TP. Yeah, you know, I’ve never been a member of any political party and I don’t know whether I will be once, maybe not. I guess the way I view my own thinking about this is I was born in 1971, I turned 18 with the fall of the Berlin Wall. So I was born far too late to be tempted by communism or at least Soviet type communism. And I guess one of the big questioning I’ve tried to pursue since I turn 18 and I became adult is to try to think of sort of new ways to go beyond laissez faire capitalism that would prevent us from the kind of mistakes that we have made in the past. The fall of the Berlin Wall led us into a new wave of unlimited phase into a self regulated market, competitive forces, private property and I think we need really to rethink the way to make private property and capitalism the slave of democracy rather than the opposite. So to me, all the different ways to go beyond private property, to regulate private property are necessary and complementary. Sometimes very radical thinkers, you know, they don’t want to hear about progressive taxation because they say, “Well, it’s just redistribution, it’s not deep enough.” But to me, if you think the progressive tax on capital, I think if the tax rate is sufficiently high and very large property holdings, it’s quite a deep questioning of property rights because in a way that’s a way to make property a temporary rather than a permanent attribute. If you have £1 billion in property and you have to repay five or ten per cent each year, in effect you have to return five or ten per cent each year to the rest of society, in a way this is saying, you know, well you are the owner but you are not really the owner, you know, you return to society, for example. And in any case I certainly don’t think this is the end of the story, I think this is very much complimentary because progress in taxation can bring financial transparency and transparency about who owns what in companies, this goes very well together with other forms of more democratic regulations of property including worker ownership, including cooperative ownership, including moral rights and decision rights for workers. I think we also need public property in some sectors, so you know, public property, more cooperative worker property and progressive taxation of property, I think all these different ways to regulate property have a future. And if you look at the new sectors that are going to become more and more important in the future, which are not automobile production, the number of workers in automobile production is not going to grow in the future. So if you think of the other sectors, the education sectors, the culture sectors, the media, information production, all the knowledge economy in general. The view that the shareholder company with all powers to shareholders is the only way to organise human activity. I think it’s wrong in general but it’s particularly wrong in these sectors. Even in the US if the universities or newspapers will try to be publicly traded companies and to go to a stock market, it was a disaster and they all escaped from there very quickly. So I’m not saying the way Harvard University or the New York Times organises is the best way but still it’s different form of properties and the shareholder company, and there are new forms of property to invent. So I think we have to invent some sort of new radical thinking about property relations and the failure of socialism, in particular the failure of the Soviet Union, it’s not the end of the thinking, it’s the beginning of the thinking. For me, this is well beyond us.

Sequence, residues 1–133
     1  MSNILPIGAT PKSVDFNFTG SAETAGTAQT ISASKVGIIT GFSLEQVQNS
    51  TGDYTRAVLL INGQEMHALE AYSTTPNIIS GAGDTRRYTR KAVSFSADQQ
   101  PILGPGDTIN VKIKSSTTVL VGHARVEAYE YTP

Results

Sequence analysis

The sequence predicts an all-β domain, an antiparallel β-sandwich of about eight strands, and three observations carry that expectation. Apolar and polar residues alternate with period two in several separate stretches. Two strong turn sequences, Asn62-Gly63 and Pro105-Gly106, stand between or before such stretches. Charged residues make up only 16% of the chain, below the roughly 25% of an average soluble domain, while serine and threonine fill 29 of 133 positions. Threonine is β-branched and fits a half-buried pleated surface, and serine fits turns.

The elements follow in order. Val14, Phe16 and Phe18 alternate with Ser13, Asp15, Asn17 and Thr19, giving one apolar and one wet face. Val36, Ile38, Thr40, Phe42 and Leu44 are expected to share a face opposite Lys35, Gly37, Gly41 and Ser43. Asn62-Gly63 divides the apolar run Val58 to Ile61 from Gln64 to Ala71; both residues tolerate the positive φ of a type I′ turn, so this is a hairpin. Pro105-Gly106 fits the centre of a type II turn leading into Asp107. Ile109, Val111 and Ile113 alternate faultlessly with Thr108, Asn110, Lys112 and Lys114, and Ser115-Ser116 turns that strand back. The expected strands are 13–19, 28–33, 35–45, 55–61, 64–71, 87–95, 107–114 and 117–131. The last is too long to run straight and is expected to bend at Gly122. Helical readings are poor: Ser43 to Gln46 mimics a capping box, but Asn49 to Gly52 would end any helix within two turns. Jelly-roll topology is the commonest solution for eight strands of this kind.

MS. Just a couple more questions. One of them goes back to what you said at the beginning, about how your new work is trying to develop, to increase the range of your data in different and emerging countries. I wanted to ask you a bit about how you see your work linked into debates about globalisation because as you know, there’s a big debate in social sciences about methodological nationalism and whether we need to move beyond analyses which are premised on the nation state as being the core unit of analysis. And on one level you could say your work is kind of nationalist in that you collect national level databases and you compare them, so in this way you use a national frame of reference. But then of course on another level you might argue that you are looking at transfers between countries and capital movements. How do you position your own thinking in terms of those debates about how far globalisation requires us to develop new sorts of research repertoires, which go beyond the nation state or the national?